In the Android SDK documentation, all of the examples used with the @drawable/my_image xml syntax directly address images that are stored in the res/drawable directory in my project.

I am wondering if it is explicitly not okay to create a sub directory within the drawable directory.

For example, if I had the following directory layout:

-- sandwiches
  -- tunaOnRye.png
  -- hamAndSwiss.png
-- drinks
  -- coldOne.png
  -- hotTea.png

Could I reference the image of a tuna salad sandwich as @drawable/sandwiches/tunaOnRye

Or do I have to keep the hierarchy flat in the drawable directory.

  • 17
    Please note that capital letters are not allowed in the res directory. – Tyler Jan 11 '12 at 1:34
  • 1
    You can only do this with Gradle: stackoverflow.com/a/19859379 – Yair Kukielka Apr 7 '14 at 8:13
  • 2
    Is it possible to have SIBLING directories to drawable, with the drawable functionality? So, res/tanks/drawble-[hdpi .. etc] and so on? – Fattie May 23 '14 at 8:45

21 Answers 21


No, the resources mechanism doesn't support subfolders in the drawable directory, so yes - you need to keep that hierarchy flat.

The directory layout you showed would result in none of the images being available.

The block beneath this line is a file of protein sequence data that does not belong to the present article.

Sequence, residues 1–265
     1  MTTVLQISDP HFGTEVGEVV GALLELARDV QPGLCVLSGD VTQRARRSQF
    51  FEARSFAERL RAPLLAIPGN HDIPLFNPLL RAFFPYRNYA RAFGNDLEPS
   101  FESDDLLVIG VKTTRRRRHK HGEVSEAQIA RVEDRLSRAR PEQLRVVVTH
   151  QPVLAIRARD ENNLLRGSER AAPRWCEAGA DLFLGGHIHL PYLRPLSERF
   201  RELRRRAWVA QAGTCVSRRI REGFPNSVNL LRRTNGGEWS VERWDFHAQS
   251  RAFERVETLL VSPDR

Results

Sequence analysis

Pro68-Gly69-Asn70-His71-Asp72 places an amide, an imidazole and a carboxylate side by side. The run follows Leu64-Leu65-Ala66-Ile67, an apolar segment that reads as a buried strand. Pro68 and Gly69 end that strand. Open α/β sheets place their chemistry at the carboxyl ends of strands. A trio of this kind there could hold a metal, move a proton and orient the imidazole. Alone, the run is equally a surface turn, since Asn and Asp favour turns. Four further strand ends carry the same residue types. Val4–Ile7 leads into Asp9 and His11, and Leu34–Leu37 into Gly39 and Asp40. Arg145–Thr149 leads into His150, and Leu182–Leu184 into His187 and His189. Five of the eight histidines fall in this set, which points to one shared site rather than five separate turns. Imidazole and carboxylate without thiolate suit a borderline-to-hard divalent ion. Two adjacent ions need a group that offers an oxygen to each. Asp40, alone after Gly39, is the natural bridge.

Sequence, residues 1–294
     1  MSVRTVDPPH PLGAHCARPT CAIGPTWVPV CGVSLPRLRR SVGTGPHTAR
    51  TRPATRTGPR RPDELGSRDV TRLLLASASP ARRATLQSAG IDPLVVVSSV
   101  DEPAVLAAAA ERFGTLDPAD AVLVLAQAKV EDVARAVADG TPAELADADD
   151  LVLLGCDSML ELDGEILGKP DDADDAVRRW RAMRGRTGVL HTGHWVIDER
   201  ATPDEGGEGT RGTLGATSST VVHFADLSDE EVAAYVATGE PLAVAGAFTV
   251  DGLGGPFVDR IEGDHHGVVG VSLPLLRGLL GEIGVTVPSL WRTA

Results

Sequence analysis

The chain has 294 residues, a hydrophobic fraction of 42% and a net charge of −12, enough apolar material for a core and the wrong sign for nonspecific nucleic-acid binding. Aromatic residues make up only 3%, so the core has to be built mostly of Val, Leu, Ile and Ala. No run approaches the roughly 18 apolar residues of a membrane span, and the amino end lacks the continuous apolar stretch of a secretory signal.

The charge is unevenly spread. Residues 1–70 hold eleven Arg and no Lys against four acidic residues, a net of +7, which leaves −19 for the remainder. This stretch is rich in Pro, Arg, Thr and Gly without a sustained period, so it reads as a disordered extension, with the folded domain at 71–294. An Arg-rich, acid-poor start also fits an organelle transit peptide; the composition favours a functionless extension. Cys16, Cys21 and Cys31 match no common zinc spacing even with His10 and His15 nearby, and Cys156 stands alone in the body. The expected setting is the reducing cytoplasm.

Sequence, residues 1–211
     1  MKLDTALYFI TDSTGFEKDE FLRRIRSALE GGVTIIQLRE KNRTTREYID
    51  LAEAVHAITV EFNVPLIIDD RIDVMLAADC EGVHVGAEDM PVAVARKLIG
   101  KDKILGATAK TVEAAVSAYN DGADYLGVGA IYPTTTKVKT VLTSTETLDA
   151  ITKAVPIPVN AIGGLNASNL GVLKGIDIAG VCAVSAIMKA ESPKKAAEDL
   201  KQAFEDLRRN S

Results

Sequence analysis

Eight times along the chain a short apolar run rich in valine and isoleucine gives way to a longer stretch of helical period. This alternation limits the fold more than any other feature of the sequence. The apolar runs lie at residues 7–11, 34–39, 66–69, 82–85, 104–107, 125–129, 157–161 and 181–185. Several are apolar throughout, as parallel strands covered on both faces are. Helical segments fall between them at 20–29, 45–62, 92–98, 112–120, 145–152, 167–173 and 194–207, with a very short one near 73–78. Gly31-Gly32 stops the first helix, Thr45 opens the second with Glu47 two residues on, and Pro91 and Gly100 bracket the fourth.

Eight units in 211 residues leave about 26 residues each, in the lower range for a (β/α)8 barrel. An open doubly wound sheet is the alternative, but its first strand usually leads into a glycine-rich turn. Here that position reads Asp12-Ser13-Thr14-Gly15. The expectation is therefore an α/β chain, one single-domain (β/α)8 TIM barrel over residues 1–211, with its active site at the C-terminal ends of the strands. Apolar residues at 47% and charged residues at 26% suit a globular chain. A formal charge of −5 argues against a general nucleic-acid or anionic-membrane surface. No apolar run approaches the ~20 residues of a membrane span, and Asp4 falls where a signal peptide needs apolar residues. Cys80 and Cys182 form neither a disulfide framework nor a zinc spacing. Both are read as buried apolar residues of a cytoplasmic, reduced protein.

From my own experiments it seems that having a subfolder with any items in it, within the res/drawable folder, will cause the resource compiler to fail -- preventing the R.java file from being generated correctly.

  • 143
    As of Android 2.2, this doesn't cause a compiler error, but any subdirectories are ignored when generating the R class. This really sucks, and makes it hard to manage larger projects. =/ – Nik Reiman Jul 28 '10 at 8:42
  • 75
    Totally agree. They need to come up with a better solution supporting sub-folders. It can't be that hard. – znq Sep 6 '10 at 17:22
  • 15
    Hopefully this will be resolved soon, i've got over 100 assets, and even then i coded some of them out. Total night mare trying to manage any marginally complex project. – Emile Jan 6 '11 at 16:40
  • 15
    This is the corresponding Issue in the Android issue tracker: code.google.com/p/android/issues/detail?id=2018 – espinchi Jul 20 '11 at 17:55
  • 13
    100 assets... Try it with 16 thousand assets. – Mytheral Jul 23 '12 at 18:22

The workaround I'm using (and the one Android itself seems to favor) is to essentially substitute an underscore for a forward slash, so your structure would look something like this:


The approach requires you to be meticulous in your naming and doesn't make it much easier to wrangle the files themselves (if you decided that drinks and sandwiches should really all be "food", you'd have to do a mass rename rather than simply moving them to the directory); but your programming logic's complexity doesn't suffer too badly compared to the folder structure equivalent.

This situation sucks indeed. Android is a mixed bag of wonderful and terrible design decisions. We can only hope for the latter portion to get weeded out with all due haste :)

  • 31
    Just a note that capital letters aren't allowed in the drawable folder. I get the error: "Invalid file name: must contain only [a-z0-9_.]" – Jason Axelson Oct 12 '13 at 2:34